The cure for trouble in a relationship is not always more face time. It’s important that both people feel they can take space when they need it and return to their partner without anger or resentment waiting at home. It’s important to honor the urges we have to be by ourselves, but realize the impact our absence can have on our partners. If you feel an urge to be alone, make it easier for yourself and your partner by letting him or her know in advance that you need some time. Some reassurance that your absence is not the result of anything he or she did will help a new partner understand your needs without confusion.

 

  1. Assess the way you fight.

In any serious relationship, disagreement is inevitable. Arguments will arise, and they may escalate into some heated conflict. If you find yourselves disagreeing often, ask yourself, “How am I contributing to this?” Sometimes the need to be right will stress the relationship in ways that are neither necessary or helpful. You will not be able to control your partner, but you can control the way you approach conflict.

 

What it looks like: A former client called crying after her boyfriend stormed out after an argument. “Every time we talk, I end up having to repeat myself, and finally I lost my mind and told him, “’You never listen to me and that’s why this relationship isn’t working.’” After calming down, the client realized that, when she lost her temper, she couldn’t acknowledge her boyfriend’s efforts to understand her. Instead of attacking his short comings, she started the conversation appreciating his efforts before moving into new ways they could improve the relationship together.

 

  1. Maintain your sense of self.

Do you lose yourself in a relationship? Establishing and maintaining your boundaries is necessary to keep your standards firm and your self respect intact. Letting a partner decide what you should and shouldn’t tolerate will lead to resentment from you and loss of respect from your partner. To compromise your personality to “fit” your relationship will ultimately ruin any chance at long-term sustainability.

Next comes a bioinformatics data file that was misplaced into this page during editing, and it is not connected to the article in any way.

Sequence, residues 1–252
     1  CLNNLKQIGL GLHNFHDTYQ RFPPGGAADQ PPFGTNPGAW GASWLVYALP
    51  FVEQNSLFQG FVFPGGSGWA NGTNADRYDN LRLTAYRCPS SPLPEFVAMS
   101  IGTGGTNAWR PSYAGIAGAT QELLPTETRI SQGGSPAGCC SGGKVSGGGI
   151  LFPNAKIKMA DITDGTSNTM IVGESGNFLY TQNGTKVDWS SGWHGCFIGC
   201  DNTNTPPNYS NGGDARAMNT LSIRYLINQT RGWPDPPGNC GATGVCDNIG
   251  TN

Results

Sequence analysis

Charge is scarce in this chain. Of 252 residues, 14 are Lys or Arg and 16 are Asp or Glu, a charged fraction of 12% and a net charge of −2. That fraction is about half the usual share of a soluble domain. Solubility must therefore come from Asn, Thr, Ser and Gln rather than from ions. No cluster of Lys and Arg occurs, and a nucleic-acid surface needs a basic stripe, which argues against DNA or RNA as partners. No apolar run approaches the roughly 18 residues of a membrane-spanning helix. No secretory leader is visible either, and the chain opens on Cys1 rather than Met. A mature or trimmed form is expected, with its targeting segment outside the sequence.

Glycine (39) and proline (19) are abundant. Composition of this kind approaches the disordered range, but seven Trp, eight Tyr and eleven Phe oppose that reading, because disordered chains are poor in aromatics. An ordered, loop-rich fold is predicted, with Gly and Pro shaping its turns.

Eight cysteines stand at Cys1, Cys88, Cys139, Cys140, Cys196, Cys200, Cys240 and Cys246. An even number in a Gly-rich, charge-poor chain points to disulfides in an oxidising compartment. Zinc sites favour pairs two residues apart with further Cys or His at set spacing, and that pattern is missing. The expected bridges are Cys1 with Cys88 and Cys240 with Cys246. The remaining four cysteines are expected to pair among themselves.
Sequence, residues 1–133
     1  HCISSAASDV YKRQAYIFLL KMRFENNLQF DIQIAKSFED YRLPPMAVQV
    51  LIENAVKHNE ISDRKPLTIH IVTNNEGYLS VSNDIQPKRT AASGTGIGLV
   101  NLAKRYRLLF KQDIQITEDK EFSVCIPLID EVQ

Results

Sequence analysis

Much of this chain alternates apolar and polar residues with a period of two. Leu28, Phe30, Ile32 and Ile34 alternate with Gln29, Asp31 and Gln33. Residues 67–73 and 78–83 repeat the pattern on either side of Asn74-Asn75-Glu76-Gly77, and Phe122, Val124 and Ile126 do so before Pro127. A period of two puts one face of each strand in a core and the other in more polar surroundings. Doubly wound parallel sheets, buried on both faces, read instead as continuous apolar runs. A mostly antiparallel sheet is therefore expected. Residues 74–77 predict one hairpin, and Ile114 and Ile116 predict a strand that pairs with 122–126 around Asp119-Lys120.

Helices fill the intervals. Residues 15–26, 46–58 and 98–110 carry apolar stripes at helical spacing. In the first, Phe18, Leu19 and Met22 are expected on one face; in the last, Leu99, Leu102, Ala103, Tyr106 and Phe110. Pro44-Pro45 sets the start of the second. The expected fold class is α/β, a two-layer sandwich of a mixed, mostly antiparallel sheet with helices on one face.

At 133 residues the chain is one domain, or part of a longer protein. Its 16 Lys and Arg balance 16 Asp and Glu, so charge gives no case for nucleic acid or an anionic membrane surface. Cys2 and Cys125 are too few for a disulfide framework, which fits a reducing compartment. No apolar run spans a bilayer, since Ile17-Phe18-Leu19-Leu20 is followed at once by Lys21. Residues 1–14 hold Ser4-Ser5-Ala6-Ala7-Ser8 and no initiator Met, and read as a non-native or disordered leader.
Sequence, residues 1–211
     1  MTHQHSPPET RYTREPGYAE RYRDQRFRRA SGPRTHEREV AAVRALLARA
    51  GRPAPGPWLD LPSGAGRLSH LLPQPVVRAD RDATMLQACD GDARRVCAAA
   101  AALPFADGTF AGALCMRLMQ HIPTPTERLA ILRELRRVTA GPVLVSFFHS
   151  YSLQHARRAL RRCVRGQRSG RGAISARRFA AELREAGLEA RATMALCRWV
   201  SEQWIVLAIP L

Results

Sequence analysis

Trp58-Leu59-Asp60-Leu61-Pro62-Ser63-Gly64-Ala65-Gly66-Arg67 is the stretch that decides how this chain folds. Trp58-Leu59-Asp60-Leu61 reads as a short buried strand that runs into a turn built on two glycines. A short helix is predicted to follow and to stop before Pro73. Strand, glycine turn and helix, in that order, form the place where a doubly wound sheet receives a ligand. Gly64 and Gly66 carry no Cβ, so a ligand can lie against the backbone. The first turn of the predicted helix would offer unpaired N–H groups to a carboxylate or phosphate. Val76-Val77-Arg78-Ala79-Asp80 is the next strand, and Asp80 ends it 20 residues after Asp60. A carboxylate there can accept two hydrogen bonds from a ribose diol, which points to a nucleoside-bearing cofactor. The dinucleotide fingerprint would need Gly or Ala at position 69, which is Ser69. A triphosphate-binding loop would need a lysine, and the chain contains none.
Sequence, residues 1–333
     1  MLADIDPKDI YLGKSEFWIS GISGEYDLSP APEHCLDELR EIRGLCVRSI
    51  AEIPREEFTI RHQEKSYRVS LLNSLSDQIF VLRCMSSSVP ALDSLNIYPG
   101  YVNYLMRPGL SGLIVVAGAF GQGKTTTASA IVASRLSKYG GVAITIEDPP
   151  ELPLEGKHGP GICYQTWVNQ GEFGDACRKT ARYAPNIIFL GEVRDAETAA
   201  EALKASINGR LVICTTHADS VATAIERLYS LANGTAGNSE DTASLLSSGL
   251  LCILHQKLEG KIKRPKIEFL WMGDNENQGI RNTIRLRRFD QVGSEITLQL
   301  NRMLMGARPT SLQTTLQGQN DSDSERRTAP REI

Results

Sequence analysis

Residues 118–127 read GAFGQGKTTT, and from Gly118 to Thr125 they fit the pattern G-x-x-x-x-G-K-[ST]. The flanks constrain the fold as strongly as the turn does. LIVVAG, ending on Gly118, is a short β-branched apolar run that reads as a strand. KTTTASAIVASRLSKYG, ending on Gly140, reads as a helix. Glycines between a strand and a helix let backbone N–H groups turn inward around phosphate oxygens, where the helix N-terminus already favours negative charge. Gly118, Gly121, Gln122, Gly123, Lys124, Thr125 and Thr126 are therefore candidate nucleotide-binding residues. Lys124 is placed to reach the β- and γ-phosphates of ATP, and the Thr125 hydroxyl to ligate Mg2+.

These tips will help you nurture and build a strong, loving relationship, but they will only work their magic with consistent reinforcement. The effort and sacrifice will pay off, however, when you find yourself in a loving, sustainable relationship.

Something Old, Something New…

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The end of the year is just a month away, which means that we’ll soon be celebrating the beginning of 2015!  Like many of you, I’ll be entering the New Year with a number of hopes and expectations.  I’ll also be armed with a handful of resolutions that I’ve decided are critical to making the most of the 2015, and the bulk of those resolutions are related to self-improvement and finding a healthy relationship.  For those of us who are single and don’t want to be, the promise of a new relationship in the New Year is really powerful; we tend to like the idea of starting off with a clean slate, and – ideally – forgetting whatever wasn’t right about the years and relationships that came before.

Instead of hoping for a new relationship, it might actually make more sense to focus on finding a better relationship.  It can be really easy to fall into the trap of thinking that a different relationship will be better by default, but that’s really not the case.  In fact, it’s important to remember that your “new” girlfriend or boyfriend is probably someone else’s old girlfriend or boyfriend, which means that he or she has been trained and programmed by the habits, expectations, and communication style of someone else.  Unless your new beau was just dumped by your identical twin – and the two of you have identical tastes and preferences – the new significant presence in your life is going to require some adjustments (for both of you) in order to make your relationship work just right.  Otherwise, we’re all stuck in a sort of “Goldilocks paradox” where we’re waiting for a complete stranger to behave and communicate in a way that’s tailor made just for us, even if we didn’t do any of the work to make that happen.  If you’re ever had clothing made to measure, you know the satisfaction of having just the right fit; you also know that getting the right fit takes time, effort, and a lot of patience.